Hossam el-Hamalawy writes: As soon as the news broke last Sunday that Mohamed Morsi was officially declared Egypt’s first elected civilian president, I could hear loud happy chants and cheers in my street. The janitors in my neighborhood gathered around the corner in their galabiyas, jumping up and down, in the same fashion I usually see them when the Egyptian national football team scores a goal in some match. Their children, in bare feet, were running up and down the street, chasing posh cars that passed by, chanting “Morsi! Morsi!”. While, fellow citizens in “working class districts in Cairo celebrate[d]… with fireworks, marches, dancing and sweets amid hopes of a brighter future,” reported my friend Lina el-Wardani of Ahram Online.
For many, including those who boycotted the elections or nullified their votes, for sure there was a sigh of relief. I, as well as millions of other Egyptians, were certain the ruling military junta will rig the vote in favor of General Ahmad Shafiq, who was to be crowned as Egypt’s next president. I am happy we turned out to be wrong.
Although SCAF mobilized Mubarak’s National Democratic Party network in favor of Shafiq, and attempted to directly intervene to rig the final count, their efforts failed. Some activists are circulating conspiracy theories along the lines of Morsi being the “real SCAF candidate” or that he won by a deal–which I disagree with. The blunt fact is, although SCAF is in still in control, they might not be as confident and powerful as most revolutionaries think.
The majority of those who are cheering the electoral results are not necessarily happy about Morsi’s victory, as much as they are relieved that Shafiq, the representative of the SCAF-backed counterrevolution is not in office.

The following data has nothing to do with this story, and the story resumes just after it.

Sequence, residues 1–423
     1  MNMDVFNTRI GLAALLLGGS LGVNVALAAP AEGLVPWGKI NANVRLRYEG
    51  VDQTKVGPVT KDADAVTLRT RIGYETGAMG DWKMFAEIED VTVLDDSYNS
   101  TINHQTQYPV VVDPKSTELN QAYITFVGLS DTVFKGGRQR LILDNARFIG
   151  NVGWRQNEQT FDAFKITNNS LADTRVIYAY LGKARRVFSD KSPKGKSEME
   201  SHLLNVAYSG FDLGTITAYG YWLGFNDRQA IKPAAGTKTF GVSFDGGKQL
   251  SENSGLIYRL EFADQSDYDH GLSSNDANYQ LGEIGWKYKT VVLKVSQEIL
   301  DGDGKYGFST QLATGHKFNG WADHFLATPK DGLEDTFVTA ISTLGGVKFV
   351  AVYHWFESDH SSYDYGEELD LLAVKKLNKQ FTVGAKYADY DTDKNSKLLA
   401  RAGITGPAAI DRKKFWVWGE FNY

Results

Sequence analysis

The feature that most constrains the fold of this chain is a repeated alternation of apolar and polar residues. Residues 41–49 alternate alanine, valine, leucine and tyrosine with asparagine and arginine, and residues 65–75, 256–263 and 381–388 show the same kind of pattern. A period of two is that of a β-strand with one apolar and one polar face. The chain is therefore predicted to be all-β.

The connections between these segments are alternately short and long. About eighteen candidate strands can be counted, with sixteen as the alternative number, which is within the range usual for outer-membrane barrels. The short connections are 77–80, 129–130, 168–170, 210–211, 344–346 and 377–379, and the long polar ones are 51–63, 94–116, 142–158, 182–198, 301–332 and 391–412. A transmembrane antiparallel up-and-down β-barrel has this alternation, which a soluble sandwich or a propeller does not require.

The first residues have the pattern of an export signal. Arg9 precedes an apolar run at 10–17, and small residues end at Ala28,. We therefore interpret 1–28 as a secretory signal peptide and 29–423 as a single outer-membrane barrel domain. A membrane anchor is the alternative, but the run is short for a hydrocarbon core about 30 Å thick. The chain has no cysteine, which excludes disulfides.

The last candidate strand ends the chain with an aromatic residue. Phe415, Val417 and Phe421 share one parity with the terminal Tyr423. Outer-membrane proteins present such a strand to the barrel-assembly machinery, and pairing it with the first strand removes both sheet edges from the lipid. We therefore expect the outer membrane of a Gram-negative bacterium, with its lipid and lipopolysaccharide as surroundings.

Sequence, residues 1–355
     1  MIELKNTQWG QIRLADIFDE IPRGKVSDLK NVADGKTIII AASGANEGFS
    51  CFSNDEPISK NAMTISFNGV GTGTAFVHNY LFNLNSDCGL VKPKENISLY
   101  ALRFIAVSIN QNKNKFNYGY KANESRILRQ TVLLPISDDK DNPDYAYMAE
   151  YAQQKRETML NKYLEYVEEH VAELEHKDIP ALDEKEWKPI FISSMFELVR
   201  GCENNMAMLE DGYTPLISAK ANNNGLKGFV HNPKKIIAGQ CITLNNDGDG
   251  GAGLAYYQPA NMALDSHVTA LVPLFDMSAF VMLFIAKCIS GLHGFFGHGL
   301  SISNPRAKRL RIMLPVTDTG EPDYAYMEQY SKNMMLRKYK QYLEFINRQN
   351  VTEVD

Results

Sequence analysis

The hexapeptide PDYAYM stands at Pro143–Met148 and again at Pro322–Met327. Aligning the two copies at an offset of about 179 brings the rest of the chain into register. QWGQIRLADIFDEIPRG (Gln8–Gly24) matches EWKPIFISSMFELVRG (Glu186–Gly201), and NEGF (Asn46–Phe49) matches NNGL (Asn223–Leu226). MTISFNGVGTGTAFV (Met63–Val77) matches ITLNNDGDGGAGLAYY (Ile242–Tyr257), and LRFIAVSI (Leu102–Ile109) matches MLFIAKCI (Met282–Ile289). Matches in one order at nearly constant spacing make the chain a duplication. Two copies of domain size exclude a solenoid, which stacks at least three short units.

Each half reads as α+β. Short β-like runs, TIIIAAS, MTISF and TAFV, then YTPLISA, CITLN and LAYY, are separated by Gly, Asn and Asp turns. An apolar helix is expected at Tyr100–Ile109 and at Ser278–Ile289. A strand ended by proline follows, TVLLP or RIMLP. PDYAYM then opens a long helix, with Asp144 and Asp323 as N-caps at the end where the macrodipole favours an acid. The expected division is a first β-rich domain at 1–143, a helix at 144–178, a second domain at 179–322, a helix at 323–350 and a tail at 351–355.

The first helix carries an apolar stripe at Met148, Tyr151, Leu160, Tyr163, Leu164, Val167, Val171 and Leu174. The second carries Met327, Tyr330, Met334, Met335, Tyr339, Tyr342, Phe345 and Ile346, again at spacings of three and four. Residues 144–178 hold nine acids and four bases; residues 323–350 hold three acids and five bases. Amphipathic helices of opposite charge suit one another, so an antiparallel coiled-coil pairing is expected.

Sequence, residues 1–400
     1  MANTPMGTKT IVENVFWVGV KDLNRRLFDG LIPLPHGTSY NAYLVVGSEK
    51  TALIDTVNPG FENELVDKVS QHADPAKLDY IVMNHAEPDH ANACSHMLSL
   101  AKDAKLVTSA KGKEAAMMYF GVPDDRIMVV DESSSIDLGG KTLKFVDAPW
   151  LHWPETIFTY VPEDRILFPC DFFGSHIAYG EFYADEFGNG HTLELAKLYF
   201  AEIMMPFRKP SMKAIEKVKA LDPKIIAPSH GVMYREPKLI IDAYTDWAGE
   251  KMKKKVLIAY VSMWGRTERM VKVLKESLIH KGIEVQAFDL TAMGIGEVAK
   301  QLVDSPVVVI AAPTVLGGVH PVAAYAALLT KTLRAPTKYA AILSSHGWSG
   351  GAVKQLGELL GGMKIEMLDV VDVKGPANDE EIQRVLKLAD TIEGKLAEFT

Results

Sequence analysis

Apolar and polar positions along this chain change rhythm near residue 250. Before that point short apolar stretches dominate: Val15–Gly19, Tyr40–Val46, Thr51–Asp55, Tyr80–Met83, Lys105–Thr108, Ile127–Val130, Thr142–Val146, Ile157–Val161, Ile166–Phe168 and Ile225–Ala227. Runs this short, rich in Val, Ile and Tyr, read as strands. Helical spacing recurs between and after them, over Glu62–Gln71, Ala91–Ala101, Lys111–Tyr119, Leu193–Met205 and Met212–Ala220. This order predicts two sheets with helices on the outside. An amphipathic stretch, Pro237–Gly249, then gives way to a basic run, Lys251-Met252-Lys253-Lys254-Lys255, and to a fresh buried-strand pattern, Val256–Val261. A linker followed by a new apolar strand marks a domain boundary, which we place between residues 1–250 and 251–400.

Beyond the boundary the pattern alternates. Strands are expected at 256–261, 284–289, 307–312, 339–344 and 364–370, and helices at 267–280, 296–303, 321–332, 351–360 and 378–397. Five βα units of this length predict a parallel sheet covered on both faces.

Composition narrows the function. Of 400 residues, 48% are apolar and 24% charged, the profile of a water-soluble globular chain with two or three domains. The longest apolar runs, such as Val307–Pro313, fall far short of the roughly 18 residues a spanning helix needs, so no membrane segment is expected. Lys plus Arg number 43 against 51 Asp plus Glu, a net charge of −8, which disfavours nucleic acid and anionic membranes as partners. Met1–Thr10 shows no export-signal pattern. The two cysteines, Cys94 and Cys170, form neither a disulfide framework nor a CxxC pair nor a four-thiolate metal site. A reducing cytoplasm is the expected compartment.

Shafiq’s victory could have meant a wide level of demoralization among section of the people to see the regime’s loyal man coming back in power, with full force and vengeance. For example, a comrade in Assuit spoke to me in details before the second round about how former State Security officers in his town were sending messages to activists: “Wait till Shafiq gets inaugurated you sons of X#$%, you’ll disappear the following day.” Similar threats were made against activists in other provinces. Remnants of the old regime had felt confident to reappear once again. Shafiq’s loss caused mass demoralization and disarray among their ranks.
The Muslim Brothers have put themselves in a critical position now. Some on the left and in the liberal circles are more than happy to label the Brotherhood as a “fascist” organization and “just another face of Mubarak’s regime.” This social analysis of the movement is incorrect and will entail, in my view, wrong political positions to be taken vis a vis the Islamists. [Continue reading…]